Gov. Nikki Haley called for South Carolina to remove the Confederate flag from the grounds of its statehouse in the wake of a shooting apparently motivated by white supremacy that killed nine people in Charleston. Now other political leaders are following in her footsteps, trying to get rid of the most visible, official-seeming Confederate symbols in their states.
In one sense, it's taken a long time to get to this point: The Civil War ended 150 years ago. But it can also seem like things have happened fast since Haley's announcement Monday. The NAACP and other groups have fought for decades to get the Confederate flags down. And suddenly, politicians are changing their minds in a matter of minutes.
Alabama has taken down its Confederate flags at the Capitol
Gov. Robert Bentley, a Republican, took down all four Confederate flags on the state Capitol grounds this morning, saying it was "the right thing to do" in part because the flags could become a "distraction." "I have taxes to raise, we have work to do," he told AL.com. "And it was my decision that the flag needed to come down."
The flags were part of the Confederate memorial on the statehouse grounds — a memorial whose cornerstone was laid by Jefferson Davis, the former president of the Confederacy, in 1880.
Prominent Mississippi Republicans are calling for changing the state flag
Mississippi is the only state that has the full Confederate battle flag as part of its state flag design, and some Republicans in the state are saying it's time to change it. Sen. Roger Wicker, a Republican, has joined them, saying the "state flag should be put in a museum and replaced by one that is more unifying to all Mississippians." But he's going to keep the Mississippi state flag outside his Senate office for now, he told Politico. Sen. Thad Cochran said he hopes the state will consider changing the flag.
Mississippi's governor, Phil Bryant, is less enthusiastic. "Mississippians have already had a discussion about the state flag. It was put to a vote, and an overwhelming majority chose to keep the flag. Mississippians have the right to revisit that decision either through their elected representatives in the Legislature or through the initiative process. As governor, I will continue to focus on job creation, education and public safety—priority issues for Mississippians," he said in a statement.
A separate, but related, issue is what to do about the Mississippi flags at the US Capitol. Rep. Bennie Thompson, a Mississippi Democrat, wants a vote on taking down the flag from the tunnel that connects the Capitol to adjoining office buildings.
The latest on how South Carolina lawmakers will vote
Taking down the Confederate flag at South Carolina's Capitol requires a two-thirds majority in both the House and Senate. Right now, 72 percent of Senate members say they'll vote to take it down, according to the Post and Courier's continually updating poll. But just 52 percent of the House have said they're in favor. The rest have said they're not or are dodging inquiries from the Charleston newspaper.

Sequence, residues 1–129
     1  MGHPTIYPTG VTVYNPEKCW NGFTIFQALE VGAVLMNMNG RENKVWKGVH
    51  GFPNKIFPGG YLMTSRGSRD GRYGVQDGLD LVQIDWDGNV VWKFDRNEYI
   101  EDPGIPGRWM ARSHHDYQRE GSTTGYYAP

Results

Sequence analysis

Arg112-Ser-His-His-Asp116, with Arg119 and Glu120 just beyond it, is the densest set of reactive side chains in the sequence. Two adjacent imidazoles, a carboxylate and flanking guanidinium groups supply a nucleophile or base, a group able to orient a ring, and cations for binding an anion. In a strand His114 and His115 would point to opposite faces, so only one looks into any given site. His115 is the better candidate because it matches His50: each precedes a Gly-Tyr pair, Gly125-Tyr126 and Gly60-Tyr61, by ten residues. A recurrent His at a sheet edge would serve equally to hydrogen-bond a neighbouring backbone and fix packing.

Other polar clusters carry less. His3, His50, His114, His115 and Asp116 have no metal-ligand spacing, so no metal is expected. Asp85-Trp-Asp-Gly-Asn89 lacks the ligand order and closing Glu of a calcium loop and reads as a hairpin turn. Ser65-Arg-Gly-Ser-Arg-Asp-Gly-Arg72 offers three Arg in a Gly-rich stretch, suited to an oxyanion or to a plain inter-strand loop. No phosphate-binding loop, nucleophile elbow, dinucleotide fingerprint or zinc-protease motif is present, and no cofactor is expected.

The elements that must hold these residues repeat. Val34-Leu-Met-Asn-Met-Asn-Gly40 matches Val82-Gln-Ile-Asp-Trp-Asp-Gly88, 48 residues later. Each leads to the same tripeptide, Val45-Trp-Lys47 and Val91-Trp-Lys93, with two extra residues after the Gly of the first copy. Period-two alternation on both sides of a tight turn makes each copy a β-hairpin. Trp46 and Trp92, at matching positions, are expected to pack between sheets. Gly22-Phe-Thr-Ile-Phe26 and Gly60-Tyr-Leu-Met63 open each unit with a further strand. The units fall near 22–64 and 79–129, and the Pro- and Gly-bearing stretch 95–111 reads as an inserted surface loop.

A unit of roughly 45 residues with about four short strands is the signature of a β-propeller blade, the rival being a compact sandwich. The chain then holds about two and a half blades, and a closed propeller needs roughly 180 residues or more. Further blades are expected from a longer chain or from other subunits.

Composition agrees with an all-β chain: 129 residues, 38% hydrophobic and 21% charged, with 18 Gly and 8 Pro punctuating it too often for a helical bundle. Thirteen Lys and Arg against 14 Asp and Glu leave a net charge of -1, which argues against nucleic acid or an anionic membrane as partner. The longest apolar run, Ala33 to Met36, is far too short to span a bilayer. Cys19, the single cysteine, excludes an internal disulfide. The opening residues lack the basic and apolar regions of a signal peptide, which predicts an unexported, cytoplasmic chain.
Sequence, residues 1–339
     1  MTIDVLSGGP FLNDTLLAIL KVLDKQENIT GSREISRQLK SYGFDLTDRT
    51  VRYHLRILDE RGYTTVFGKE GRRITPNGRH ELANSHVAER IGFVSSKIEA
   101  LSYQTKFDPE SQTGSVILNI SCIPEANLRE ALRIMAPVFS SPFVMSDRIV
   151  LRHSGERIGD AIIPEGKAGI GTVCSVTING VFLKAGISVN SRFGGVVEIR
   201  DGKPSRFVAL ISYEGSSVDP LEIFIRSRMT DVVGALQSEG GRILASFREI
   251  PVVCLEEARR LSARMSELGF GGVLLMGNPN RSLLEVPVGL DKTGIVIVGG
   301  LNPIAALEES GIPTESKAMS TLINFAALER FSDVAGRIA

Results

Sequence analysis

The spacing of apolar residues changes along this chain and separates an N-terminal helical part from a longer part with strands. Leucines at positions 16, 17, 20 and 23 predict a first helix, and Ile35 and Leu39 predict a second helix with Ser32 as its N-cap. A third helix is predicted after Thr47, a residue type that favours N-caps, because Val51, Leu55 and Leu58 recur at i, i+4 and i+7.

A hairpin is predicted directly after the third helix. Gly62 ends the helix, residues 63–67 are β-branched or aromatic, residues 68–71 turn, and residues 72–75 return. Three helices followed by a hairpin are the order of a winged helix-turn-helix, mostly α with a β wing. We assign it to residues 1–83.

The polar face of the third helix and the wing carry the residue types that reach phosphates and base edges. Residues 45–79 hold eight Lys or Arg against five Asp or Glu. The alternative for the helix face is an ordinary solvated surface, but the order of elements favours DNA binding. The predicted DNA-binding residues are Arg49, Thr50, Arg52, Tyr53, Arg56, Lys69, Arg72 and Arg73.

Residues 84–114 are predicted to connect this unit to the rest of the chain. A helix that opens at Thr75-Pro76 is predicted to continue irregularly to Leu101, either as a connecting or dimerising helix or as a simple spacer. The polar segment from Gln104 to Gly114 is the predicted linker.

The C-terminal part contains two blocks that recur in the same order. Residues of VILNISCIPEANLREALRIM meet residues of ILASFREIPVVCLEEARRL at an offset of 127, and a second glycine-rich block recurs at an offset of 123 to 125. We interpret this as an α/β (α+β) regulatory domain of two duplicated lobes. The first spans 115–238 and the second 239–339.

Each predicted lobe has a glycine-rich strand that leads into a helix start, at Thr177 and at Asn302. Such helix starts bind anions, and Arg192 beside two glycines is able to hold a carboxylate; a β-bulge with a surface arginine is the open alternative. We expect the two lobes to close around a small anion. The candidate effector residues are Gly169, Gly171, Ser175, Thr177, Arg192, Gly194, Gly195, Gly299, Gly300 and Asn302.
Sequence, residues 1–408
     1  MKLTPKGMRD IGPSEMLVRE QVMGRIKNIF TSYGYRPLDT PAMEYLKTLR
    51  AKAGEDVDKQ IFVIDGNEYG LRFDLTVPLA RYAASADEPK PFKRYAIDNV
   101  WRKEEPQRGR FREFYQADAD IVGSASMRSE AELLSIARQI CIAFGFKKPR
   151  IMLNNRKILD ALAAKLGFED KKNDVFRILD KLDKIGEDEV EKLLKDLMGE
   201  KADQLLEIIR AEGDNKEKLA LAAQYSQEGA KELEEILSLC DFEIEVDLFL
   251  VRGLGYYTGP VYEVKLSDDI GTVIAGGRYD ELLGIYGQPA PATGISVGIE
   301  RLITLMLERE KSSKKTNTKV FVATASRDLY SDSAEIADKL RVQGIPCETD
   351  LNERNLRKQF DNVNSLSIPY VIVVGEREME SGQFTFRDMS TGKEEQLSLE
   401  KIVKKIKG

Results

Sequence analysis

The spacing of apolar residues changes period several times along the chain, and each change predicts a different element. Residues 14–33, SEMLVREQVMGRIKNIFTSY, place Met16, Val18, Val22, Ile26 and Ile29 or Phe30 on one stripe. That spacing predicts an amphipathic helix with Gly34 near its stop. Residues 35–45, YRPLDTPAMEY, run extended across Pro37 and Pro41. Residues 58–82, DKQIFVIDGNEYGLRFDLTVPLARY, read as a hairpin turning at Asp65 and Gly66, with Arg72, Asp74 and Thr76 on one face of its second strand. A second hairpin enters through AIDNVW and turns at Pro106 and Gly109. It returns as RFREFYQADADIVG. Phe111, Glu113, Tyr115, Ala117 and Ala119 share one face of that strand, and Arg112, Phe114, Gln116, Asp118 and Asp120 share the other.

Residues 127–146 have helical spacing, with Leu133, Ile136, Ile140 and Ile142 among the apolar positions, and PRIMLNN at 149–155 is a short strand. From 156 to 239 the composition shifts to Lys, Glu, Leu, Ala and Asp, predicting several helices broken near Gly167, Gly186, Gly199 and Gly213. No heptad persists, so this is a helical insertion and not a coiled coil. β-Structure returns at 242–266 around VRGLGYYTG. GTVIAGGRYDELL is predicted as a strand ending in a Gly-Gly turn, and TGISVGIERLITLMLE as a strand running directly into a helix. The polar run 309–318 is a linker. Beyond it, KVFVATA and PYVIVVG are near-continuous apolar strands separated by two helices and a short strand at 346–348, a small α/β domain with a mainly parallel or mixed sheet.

Nine states have Confederate flag license plates — but in at least five, that might not last
Georgia: Gov. Nathan Deal said Tuesday morning that he didn't have a problem with the state's Sons of Confederate Veterans plate featuring the battle flag. Half an hour later, he told the Atlanta Journal-Constitution he'd changed his mind and it was time to redesign the plate so that it no longer features the Confederate flag as a background.
But he doesn't want to get rid of the plates entirely, and he's recently said that he considers the state's flag — inspired by the Confederacy's first official flag — a settled issue.
North Carolina: Gov. Pat McCrory, a Republican, asked the legislature to pass a law getting rid of the Confederate flag on the state's Sons of Confederate Veterans license plates, according to the Associated Press. The House minority leader was game but doesn't think that's enough: "The issue that is killing people in North Carolina is guns, not license plates," Larry Hall, a Democrat, said.
Maryland: Gov. Larry Hogan, a Republican, is "against" the use of the Confederate flag on license plates, but it's not yet clear what he's going to do about it, the Baltimore Sun reports. (Maryland is the only state in this roundup that was never part of the Confederacy in the first place.)
Tennessee: Gov. Bill Haslam, a Republican, says he supports taking the flag off license plates, which will require action from the state legislature.
Virginia: Gov. Terry McAuliffe, a Democrat, was the first to say he wants to get rid of the Confederate flag plates now that a Supreme Court decision allows states to refuse the Sons of Confederate Veterans' designs. He's planning to replace plates already in circulation.
If you're counting, that leaves Confederate flag plates untouched in South Carolina, Mississippi, Alabama, and Louisiana. South Carolina's legislature is focusing on the flag. Louisiana Gov. Bobby Jindal, who announced his presidential run today, suggested he's fine with Louisiana continuing to issue the license plates.